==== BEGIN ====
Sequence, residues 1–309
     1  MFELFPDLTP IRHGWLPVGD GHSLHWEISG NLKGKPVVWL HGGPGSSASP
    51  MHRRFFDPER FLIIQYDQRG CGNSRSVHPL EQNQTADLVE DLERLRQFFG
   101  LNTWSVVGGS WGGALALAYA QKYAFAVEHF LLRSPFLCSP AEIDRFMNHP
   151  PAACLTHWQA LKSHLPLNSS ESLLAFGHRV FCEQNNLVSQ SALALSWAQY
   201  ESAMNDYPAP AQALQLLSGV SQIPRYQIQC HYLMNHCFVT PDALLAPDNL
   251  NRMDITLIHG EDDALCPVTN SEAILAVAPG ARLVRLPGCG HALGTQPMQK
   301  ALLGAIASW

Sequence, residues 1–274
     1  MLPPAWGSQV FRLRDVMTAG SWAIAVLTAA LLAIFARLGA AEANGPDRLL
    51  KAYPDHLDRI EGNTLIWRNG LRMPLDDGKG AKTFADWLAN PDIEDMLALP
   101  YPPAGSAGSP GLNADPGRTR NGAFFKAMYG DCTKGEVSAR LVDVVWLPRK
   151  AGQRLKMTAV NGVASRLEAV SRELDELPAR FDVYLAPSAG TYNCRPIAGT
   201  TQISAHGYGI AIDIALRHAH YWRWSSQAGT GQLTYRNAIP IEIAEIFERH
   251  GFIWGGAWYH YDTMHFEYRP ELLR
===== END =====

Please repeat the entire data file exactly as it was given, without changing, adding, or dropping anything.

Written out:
Sequence, residues 1–309
     1  MFELFPDLTP IRHGWLPVGD GHSLHWEISG NLKGKPVVWL HGGPGSSASP
    51  MHRRFFDPER FLIIQYDQRG CGNSRSVHPL EQNQTADLVE DLERLRQFFG
   101  LNTWSVVGGS WGGALALAYA QKYAFAVEHF LLRSPFLCSP AEIDRFMNHP
   151  PAACLTHWQA LKSHLPLNSS ESLLAFGHRV FCEQNNLVSQ SALALSWAQY
   201  ESAMNDYPAP AQALQLLSGV SQIPRYQIQC HYLMNHCFVT PDALLAPDNL
   251  NRMDITLIHG EDDALCPVTN SEAILAVAPG ARLVRLPGCG HALGTQPMQK
   301  ALLGAIASW

Sequence, residues 1–274
     1  MLPPAWGSQV FRLRDVMTAG SWAIAVLTAA LLAIFARLGA AEANGPDRLL
    51  KAYPDHLDRI EGNTLIWRNG LRMPLDDGKG AKTFADWLAN PDIEDMLALP
   101  YPPAGSAGSP GLNADPGRTR NGAFFKAMYG DCTKGEVSAR LVDVVWLPRK
   151  AGQRLKMTAV NGVASRLEAV SRELDELPAR FDVYLAPSAG TYNCRPIAGT
   201  TQISAHGYGI AIDIALRHAH YWRWSSQAGT GQLTYRNAIP IEIAEIFERH
   251  GFIWGGAWYH YDTMHFEYRP ELLR